Released this past January in both English and Spanish, Malala Yousafzai: Warrior with Words is the picture book biography of the amazing Nobel Peace Prize winner and brave, outspoken girl who continues to fight for the millions of children worldwide who are not able to go to school. In this interview for Women’s History Month, we chatted with author Karen Leggett Abouraya and illustrator Susan L. Roth about their inspiration for the book and the women they look up to:
1. Why did you want to create a picture book about Malala Yousafzai?
Karen Leggett Abouraya: I am intrigued with the power of young people to advocate for a cause and actually make a difference, whether it’s making a change in local laws like teens pushing for the right to vote at age 16 in their hometown or young women like Malala inspiring hundreds, maybe thousands, of young people to mobilize in support of girls education worldwide.
Susan L. Roth: I have always found Malala’s story amazing and inspiring. When I was invited to illustrate her story I certainly wanted to do it, even though the prospect was a little daunting. With encouragement from Karen, I mustered my courage, did my homework to the best of my ability, and the dream became the book!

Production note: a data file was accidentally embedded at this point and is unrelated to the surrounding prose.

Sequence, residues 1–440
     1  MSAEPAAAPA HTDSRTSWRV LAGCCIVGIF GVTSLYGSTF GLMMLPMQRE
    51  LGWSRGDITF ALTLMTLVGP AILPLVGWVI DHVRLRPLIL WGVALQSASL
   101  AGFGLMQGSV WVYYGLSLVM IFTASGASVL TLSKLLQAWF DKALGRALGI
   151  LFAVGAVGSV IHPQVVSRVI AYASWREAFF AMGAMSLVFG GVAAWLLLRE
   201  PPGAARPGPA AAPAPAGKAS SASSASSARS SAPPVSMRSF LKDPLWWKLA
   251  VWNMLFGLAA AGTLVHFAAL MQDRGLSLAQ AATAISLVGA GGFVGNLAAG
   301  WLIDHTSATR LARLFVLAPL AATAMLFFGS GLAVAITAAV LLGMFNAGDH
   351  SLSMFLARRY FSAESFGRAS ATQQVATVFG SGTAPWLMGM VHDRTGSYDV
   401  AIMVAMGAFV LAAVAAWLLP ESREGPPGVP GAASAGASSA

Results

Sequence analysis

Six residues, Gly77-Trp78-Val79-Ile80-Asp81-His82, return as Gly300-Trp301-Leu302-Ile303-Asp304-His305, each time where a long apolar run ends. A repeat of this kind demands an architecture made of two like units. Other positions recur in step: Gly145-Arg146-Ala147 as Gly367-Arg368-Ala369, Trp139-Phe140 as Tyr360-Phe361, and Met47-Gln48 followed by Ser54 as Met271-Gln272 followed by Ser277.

2. Malala Yousafzai said “education is our basic right.” How can people get involved in helping provide education for all?
KLA: There are many organizations working on this issue locally and globally. Some are listed in the back of Malala Yousafzai: Warrior with Words and include the Malala Fund that Malala herself organized with her father several years ago. There are opportunities to raise funds, connect with girls overseas who may need help with scholarships (School Girls Unite), collaborate to address an issue or learn about philanthropy at a young age.